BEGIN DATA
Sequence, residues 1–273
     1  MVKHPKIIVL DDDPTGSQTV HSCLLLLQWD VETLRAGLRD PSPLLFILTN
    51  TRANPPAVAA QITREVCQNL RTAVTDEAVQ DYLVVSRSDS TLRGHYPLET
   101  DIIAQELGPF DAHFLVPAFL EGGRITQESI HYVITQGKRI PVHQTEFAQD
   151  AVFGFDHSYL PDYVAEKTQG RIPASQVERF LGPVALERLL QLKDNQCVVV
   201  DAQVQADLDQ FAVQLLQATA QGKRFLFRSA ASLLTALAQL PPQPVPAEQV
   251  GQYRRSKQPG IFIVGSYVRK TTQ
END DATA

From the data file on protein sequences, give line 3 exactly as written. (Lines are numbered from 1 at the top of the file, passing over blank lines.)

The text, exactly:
    51  TRANPPAVAA QITREVCQNL RTAVTDEAVQ DYLVVSRSDS TLRGHYPLET